Sunday, August 12, 2012

6 Hid Drugs in Diplomas and Candy, Officials Say

Published: August 7, 2012

Drug traffickers have been widely known to employ extreme and inventive measures to smuggle narcotics into the United States, but six people arrested on Tuesday may have won a prize for creativity.

Prosecutors accused the six of smuggling narcotics from Ecuador by stuffing cocaine inside empanadas and heroin inside sesame candy. But the real find, the authorities said, was a stack of what looked like diplomas from a scuba-diving school that had been soaked in more than three pounds of liquid cocaine.

“The techniques employed were extremely sophisticated,” New York City’s special narcotics prosecutor, Bridget G. Brennan, said.

During the investigation into the reputed drug operation, the authorities said they discovered that the man they called the ringleader, Jorge Guerrero, was also stealing valuables from lost luggage that he was supposed to deliver to airline passengers after it was found.

“He was just such an opportunist,” Ms. Brennan said. “His day job was stealing from lost luggage.”

Mr. Guerrero, 39, was indicted on charges of conspiracy and attempted criminal possession of a controlled substance. The penalty for the possession charge is up to 20 years in prison. He pleaded not guilty on Tuesday.

Law enforcement officers said Mr. Guerrero’s operation could buy 2.2 pounds of cocaine in Ecuador for about $2,000 and sell it for $25,000 to $30,000 in the United States. William Novak, an assistant district attorney, described Mr. Guerrero as the “main receiver” of the drug shipments sent as freight and the mastermind of the smuggling ring. Mr. Novak argued for holding him without bail, claiming that Mr. Guerrero was a flight risk because he had many relatives in Ecuador.

“If he flees, he’s never coming back,” Mr. Novak said.

Mr. Guerrero’s lawyer, Frank Rothman, portrayed him as a married man with three children who was unlikely to flee. He said the police had not found drugs in Mr. Guerrero’s home.

Judge Bonnie G. Wittner ordered him held without bail.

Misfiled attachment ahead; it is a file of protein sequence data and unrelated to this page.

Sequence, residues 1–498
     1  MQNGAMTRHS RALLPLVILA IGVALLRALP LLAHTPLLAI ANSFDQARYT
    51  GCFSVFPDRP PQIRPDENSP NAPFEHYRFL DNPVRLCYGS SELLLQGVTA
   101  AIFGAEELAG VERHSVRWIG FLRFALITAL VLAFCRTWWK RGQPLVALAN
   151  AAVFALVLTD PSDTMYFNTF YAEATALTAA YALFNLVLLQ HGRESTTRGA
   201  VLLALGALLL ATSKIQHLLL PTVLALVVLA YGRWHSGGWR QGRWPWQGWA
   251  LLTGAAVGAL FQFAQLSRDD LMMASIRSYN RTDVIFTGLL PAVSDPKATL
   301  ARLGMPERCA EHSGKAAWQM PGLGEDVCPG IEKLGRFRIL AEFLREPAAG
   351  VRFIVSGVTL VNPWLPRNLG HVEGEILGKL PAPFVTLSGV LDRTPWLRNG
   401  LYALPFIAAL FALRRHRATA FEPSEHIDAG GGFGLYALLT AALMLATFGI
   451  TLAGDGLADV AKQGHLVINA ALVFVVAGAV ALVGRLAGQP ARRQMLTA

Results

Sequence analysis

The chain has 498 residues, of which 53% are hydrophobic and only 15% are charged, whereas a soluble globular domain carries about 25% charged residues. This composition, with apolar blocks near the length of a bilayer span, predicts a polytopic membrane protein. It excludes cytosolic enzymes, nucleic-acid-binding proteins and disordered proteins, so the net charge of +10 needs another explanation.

Mr. Guerrero’s wife, Cecilia Guerrero; Riqui Perez; Noe Fernandez; Luis Amable Caisa Altamirano; and Judy Campos were also arrested. The authorities charged that Ms. Guerrero often helped her husband with the smuggling operation and the luggage thefts. She was charged with conspiracy and criminal possession of a controlled substance.

During a search of the Guerreros’ home in Jamaica, Queens, officers said they found 13 suitcases, over 50 designer handbags, 20 cameras and 50 watches.

The authorities said a six-month investigation had tied the defendants to drug trafficking.

Over three months, agents confiscated more than 11 pounds of narcotics in New York and New Jersey that they said was linked to the defendants.

On May 3, agents discovered more than a pound of cocaine hidden inside chocolate bars and more than half a pound of cocaine concealed in chocolate candies. On May 28, over three pounds of cocaine was found stuffed inside empanadas. On June 8, they said, they seized the sesame candy, with more than a pound of heroin in it. On June 25, a pound of cocaine was discovered at the bottom of a container of homemade sugar and cookies. On July 12, the diplomas were found.

Law enforcement officials estimate the cocaine and heroin were worth about $150,000 on the wholesale market in the United States.

Michael Levine, who worked for the Drug Enforcement Agency for 25 years, said liquid cocaine could be converted back into a solid form. But a significant portion of the cocaine is typically lost in the process. He added that small- to midlevel traffickers have soaked liquid cocaine in clothes. But he said he never heard of it being soaked in paper.

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